One of the things people worry about when getting help for drug and alcohol abuse is the cost of rehab. Residential rehab is expensive, but there are plenty of different price points. Many facilities accept health insurance. If you have to pay for rehab yourself, you may be able to deduct the expenses, subject to certain limitations.
The Price of Rehab
How much rehab costs depends on location, facility amenities, the number of staff members and services provided. Some rehab centers charge monthly fees in excess of $100,000 per month and do not accept insurance. Others cost $10,000 per month and do accept insurance. The majority of residential rehab centers fall somewhere in the middle, which gives you a wide range of programs and facilities to choose from.
Although a beautiful location and private accommodations are costly to provide, the services you receive in rehab are even more expensive. Many rehab center care providers lead multiple one-on-one therapy sessions every day. Nutrition, activities and fitness are important in recovery, but they are often expensive. Detox can be extremely expensive because of required staffing and medicine. Imagine what you might pay for multiple one-on-one treatments per day while staying in a hotel with gourmet food and incredible activities — after one month, the total would be at least $10,000.
Don’t Let the Price of Rehab Keep You From Getting Help
Although price will and should be a factor in your decision, don’t let cost keep you from getting the help you need. You have options, and none are as expensive as continuing to drink or use drugs. If you’re not convinced, compare the cost of using to the cost of getting help and you’ll see why your rehabilitation center expenses offer better value than you may have considered. Don’t only consider what you spend buying drugs or alcohol. Also consider the missed financial opportunities you suffer when you focus more on using than on earning or saving money.
For example, imagine you continue using. Add all the expenses you incur as a result of addiction. It’s much more than whatever you pay to buy drugs or drink alcohol. The associated costs add up fast, and maybe even faster than what you spend on substances. Consider:
- How much you spend every week buying drugs and/or alcohol. If you’re not sure, keep your receipts and credit card statements. Don’t forget to include what you spend in cash.
- How much you spend on hospital visits or trips to the doctor due to problems related to drinking or using drugs.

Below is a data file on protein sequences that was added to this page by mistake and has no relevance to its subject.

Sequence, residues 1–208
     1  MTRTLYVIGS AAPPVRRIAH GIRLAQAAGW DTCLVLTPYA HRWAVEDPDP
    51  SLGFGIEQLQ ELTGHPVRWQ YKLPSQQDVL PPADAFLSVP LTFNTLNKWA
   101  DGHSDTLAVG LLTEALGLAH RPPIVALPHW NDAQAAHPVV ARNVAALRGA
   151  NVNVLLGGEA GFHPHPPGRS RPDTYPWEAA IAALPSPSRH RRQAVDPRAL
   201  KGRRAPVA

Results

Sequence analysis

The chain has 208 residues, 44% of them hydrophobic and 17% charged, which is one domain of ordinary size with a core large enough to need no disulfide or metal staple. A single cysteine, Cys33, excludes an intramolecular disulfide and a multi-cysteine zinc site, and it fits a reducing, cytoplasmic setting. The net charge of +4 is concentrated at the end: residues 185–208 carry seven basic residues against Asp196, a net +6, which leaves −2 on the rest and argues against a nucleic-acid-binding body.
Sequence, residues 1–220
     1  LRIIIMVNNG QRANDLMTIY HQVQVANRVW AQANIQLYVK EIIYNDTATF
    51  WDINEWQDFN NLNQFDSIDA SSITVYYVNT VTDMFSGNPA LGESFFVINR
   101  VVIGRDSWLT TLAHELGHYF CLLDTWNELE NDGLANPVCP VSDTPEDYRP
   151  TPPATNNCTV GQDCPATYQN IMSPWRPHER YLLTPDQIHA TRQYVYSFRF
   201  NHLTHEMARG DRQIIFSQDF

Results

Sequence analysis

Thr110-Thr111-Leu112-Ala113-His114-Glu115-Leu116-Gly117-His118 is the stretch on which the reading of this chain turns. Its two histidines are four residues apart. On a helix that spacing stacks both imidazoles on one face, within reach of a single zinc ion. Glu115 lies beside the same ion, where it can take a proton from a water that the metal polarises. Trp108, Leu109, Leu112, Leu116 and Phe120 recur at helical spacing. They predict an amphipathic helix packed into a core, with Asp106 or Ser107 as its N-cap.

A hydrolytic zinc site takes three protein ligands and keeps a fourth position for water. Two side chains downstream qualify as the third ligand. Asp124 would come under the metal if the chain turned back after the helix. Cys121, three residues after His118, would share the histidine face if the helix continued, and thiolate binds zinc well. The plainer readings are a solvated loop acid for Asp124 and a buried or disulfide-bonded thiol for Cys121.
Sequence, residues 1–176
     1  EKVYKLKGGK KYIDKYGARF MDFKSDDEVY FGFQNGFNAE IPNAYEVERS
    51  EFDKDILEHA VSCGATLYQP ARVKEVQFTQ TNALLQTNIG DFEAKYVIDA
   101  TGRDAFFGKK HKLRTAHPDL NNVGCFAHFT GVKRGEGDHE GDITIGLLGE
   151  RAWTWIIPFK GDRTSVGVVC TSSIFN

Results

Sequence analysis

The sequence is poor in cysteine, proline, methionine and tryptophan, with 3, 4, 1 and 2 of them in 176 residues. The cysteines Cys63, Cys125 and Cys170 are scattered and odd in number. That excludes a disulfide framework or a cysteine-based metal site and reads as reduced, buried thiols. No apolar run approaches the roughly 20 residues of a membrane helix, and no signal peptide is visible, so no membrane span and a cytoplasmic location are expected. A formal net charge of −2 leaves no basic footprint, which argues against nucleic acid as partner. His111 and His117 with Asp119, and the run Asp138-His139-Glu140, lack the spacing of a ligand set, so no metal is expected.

- How much you spend on legal fees related to charges such as DUI or other crimes you committed while using. Include legal problems related to domestic violence, assault and theft — even if they don’t seem related to using.
- How much you would have earned at work if you hadn’t taken unpaid leave. If you subscribe to the myth of the “functioning” addict, consider lost wages from missed promotions and other business opportunities. When you use, you cannot give your career the full attention it needs to succeed.
- How much you spent on impulse purchases. Individuals with addiction often make poor and impulsive choices that cost a lot of money — choices you would never make if you were sober.
- How much time you spent thinking about, tracking down or using drugs. One key question to ask yourself is, how much money is your time worth? Could you have spent that time doing something more valuable, perhaps at work or with family, or by investing in yourself?
Now consider how you can spend your time and money resources when you are sober. You can:
- Eliminate wasting money on drugs or alcohol. You will also avoid unnecessary legal fees and healthcare costs.
- Give your career or business the full attention it deserves.
- Get back the valuable time you waste trying to find and use drugs and/or alcohol.
- Feel good in the morning, every single day. You’ll be more productive and satisfied as a result.
- Live a fulfilling lifestyle without the constant burden and expense of drugs and alcohol weighing you down.
- Make sound decisions based on rational thoughts versus costly, spur-of-the-moment impulsivity.
- Regain the priceless value of a good reputation and look yourself in the mirror every single day with pride.
Get Financial Help
Over the last few years, insurance companies have started covering more expenses associated with rehab. Although most plans won’t cover 90 days in a residential treatment center, read your plan to understand your benefits. Your plan may cover a 30-day stay in addition to follow-up counseling and therapy. This means you could pay very little out-of-pocket expenses by enrolling in a rehab center that accepts insurance. Consult your plan documents for more information.
If you prefer to pay cash, remember that the expenses associated with your rehab stay may be tax deductible. This can cut your out-of-pocket costs significantly if you qualify. A tax professional will be able to explain more about your personal situation, but tax deductions may be able to offer a significant discount.
If you plan to take a tax deduction next year but still need to pay your bill now, consider financing. A home equity loan or line of credit may offer tax benefits in addition to the medical deduction. You can also consider applying for an unsecured loan that you can pay back over time. Your rehab center may be able to guide you towards the options that are available.
The Ultimate Benefit of Rehab
The ultimate benefit of going to rehab is priceless: you get your life back. Can you imagine waking up without a hangover? Does spending the weekend relaxing with loved ones instead of using or thinking about using sound right? If so, you’re ready to reclaim your life and kick the habit — for good.
Review our list of Top Rehab Centers in the world, and call a counselor for more information.